Data curation is the process of identifying which data sources are needed, putting these in the context of the business and enabling users to interact with it, understand it, and use it to create their analysis. It encompasses the way data is captured, cleaned, defined and aligned, thus creating a bridge between the data and its real-world applications.
A third trend is that enterprises are beginning to understand that true value isn’t measured by the solution deployed, but by how employees use the solution to impact the business. The assumption that everyone is getting value out of a BI platform just because they have access to it can actually be an inhibitor to real progress with analytics.
Finally, there is the understanding that actionable analytics put data into context, and business intelligence platforms are meeting this need by merging with core business operations, workflows and processes through capabilities like mobile analytics, embedded analytics and dashboard extensions. As a result, data workers are able to analyse data and take an action after finding an insight – all in the same place.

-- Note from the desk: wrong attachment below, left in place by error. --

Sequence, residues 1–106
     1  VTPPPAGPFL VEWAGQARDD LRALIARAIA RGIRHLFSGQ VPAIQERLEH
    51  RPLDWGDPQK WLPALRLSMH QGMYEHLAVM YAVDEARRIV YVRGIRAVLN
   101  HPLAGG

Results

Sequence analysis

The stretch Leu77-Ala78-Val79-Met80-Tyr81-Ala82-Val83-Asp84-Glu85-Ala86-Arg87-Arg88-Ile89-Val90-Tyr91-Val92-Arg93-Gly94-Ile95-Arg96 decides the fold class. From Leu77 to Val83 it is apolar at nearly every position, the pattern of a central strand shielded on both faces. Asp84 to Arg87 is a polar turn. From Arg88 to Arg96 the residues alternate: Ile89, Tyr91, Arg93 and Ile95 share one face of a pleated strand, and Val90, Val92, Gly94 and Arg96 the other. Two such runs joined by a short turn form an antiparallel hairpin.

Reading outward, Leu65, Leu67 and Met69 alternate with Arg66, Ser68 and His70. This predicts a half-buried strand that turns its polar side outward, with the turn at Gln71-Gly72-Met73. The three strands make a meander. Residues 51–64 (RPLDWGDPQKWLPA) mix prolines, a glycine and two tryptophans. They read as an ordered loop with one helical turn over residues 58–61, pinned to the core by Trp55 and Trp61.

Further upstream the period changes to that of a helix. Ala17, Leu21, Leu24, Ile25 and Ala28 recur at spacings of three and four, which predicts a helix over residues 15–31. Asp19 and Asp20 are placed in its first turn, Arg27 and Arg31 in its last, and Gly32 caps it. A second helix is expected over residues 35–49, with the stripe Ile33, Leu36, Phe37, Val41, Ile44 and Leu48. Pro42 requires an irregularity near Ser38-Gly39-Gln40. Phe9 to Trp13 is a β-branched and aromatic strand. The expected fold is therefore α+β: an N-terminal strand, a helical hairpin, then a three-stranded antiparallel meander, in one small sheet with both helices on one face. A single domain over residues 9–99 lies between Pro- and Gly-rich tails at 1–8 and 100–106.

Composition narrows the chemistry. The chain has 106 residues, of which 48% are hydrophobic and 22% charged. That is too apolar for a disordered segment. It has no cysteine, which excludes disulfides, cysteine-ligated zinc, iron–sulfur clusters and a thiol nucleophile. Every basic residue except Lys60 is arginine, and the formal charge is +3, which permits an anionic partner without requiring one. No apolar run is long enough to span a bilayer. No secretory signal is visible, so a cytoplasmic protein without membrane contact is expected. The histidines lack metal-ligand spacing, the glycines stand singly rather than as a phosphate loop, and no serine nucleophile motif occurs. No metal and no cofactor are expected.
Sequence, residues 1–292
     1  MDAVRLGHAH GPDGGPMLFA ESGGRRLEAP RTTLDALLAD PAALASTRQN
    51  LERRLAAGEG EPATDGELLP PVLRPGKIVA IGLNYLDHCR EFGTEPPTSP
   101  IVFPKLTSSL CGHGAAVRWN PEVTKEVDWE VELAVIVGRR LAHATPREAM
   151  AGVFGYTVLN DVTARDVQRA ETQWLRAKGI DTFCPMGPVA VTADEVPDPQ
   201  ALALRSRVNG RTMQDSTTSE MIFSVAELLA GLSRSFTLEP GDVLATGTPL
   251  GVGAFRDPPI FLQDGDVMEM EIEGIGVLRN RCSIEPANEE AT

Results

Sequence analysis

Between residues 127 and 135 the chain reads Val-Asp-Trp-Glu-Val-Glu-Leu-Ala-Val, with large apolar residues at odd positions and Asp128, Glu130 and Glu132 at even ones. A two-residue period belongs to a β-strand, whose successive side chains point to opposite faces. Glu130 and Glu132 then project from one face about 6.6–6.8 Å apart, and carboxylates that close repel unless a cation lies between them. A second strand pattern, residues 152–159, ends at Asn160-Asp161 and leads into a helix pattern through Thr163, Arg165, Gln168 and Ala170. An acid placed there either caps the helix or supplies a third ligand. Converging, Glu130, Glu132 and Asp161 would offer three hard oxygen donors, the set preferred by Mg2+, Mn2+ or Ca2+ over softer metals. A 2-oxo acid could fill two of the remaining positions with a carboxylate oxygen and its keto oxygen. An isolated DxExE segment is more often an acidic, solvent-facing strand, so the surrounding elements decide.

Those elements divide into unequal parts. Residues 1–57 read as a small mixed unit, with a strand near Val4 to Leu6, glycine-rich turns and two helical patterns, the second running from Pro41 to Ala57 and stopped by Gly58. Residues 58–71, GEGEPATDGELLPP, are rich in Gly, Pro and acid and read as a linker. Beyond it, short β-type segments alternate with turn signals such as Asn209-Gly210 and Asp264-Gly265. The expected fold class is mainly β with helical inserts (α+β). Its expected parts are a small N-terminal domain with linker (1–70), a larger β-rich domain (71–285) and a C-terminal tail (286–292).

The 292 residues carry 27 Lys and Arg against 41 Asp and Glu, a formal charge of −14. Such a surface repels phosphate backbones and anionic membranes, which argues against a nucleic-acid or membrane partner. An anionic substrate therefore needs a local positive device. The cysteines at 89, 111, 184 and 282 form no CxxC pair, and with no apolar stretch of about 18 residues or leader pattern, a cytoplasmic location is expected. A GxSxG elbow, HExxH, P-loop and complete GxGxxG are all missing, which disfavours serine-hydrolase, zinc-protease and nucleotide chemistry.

In the Gartner Magic Quadrant for Analytics and Business Intelligence Platforms, there are four solutions ranked in the ‘Leaders’ quadrant – let’s have a quick look at each of these:
Microsoft is viewed as a low-priced incumbent with positive sales experience. Its Power BI offers ease of use for complex types of analysis, thanks to integrated, advanced analytics. Furthermore, it is seen as a vendor with a particularly comprehensive product vision.
The second solution in this quadrant is provided by Tableau, and is recognised for its easy visual exploration and data manipulation, as it enables users to rapidly ingest data from a broad range of data sources, blend these and visualise the results.